St. Vincent de Paul made himself so completely master of his tongue, that useless or superfluous words were rarely heard from his mouth, and never a single one inconsiderate, contrary to charity, or such as might savor of vanity, flattery, or ostentation. It often happened that after opening his mouth to say something unusual that came into his mind, he closed it suddenly, stifling the words, and apparently reflecting in his own heart, and considering before God whether it was expedient to say them. He then continued to speak, not according to his inclination, for he had none, but as he felt sure would be most pleasing to God.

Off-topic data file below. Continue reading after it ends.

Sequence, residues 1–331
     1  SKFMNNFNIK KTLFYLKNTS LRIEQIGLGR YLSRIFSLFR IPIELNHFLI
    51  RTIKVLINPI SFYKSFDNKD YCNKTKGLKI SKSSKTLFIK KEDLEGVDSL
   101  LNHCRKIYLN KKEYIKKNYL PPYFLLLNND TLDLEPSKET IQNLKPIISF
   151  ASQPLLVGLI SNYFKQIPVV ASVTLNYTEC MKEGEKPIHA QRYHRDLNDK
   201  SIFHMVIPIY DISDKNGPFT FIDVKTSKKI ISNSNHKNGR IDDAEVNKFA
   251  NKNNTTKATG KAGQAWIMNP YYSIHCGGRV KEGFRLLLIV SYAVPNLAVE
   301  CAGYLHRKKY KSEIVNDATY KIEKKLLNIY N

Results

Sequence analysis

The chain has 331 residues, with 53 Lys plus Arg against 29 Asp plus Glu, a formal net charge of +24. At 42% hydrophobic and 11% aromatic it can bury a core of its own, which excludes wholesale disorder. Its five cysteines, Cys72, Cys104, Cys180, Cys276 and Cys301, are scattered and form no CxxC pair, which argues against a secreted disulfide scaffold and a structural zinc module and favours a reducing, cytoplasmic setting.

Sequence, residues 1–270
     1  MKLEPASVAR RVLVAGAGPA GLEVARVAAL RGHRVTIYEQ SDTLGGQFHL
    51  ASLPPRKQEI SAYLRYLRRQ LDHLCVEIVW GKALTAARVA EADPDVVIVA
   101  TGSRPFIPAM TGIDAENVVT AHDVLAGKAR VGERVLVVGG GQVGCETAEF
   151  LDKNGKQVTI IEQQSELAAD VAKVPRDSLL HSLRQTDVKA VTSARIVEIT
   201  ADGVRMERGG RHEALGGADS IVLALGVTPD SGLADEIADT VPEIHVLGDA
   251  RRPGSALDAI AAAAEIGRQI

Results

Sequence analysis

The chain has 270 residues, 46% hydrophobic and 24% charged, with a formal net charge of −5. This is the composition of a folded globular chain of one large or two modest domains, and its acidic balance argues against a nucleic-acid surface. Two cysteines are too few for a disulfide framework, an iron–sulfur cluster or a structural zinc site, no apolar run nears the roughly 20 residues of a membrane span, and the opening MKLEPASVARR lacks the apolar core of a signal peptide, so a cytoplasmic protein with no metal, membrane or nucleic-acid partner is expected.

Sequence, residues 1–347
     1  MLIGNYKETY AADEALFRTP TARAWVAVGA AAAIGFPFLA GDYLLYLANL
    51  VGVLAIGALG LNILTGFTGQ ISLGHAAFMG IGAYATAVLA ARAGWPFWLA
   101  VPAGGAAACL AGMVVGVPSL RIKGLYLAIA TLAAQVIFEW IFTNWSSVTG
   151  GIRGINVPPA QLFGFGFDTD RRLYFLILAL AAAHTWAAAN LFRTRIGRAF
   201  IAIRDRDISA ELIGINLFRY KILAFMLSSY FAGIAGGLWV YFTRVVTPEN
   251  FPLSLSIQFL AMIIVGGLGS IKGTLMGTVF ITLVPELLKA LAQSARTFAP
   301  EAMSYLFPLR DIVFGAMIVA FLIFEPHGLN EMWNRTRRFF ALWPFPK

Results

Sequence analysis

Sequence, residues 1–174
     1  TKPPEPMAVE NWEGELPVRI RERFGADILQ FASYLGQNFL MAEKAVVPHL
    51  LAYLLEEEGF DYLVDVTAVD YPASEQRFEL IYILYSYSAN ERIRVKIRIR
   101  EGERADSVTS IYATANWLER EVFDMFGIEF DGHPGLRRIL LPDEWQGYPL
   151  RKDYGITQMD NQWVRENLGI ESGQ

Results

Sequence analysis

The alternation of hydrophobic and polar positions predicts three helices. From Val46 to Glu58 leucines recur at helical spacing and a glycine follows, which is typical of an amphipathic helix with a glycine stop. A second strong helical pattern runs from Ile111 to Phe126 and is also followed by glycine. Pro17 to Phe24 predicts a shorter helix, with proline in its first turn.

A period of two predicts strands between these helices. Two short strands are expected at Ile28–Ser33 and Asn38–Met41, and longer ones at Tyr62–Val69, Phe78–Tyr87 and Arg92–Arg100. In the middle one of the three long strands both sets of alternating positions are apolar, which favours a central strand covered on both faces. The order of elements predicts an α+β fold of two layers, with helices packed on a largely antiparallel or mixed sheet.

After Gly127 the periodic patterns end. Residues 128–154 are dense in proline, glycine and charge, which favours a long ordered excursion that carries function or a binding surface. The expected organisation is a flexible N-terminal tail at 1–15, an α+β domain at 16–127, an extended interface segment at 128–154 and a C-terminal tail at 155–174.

When anything was told him which he already knew, he listened with attention, giving no sign of having heard it before. He did this to mortify self-love, which always makes us desire to prove that we know as much as others.
When he found himself overwhelmed with excessive work, he did not complain, but his ordinary words were: “Blessed be God! we must accept willingly all that He deigns to send us.”
St. Aloysius Gonzaga, when about to converse with any one, fervently repeated this prayer: Pone Domine, custodiam, ori meo, etc. — Set a watch, O Lord, before my lips, etc. (Ps 141:3)
Text from A Year With the Saints (New York: P.J. Kenedy & Sons, 1891).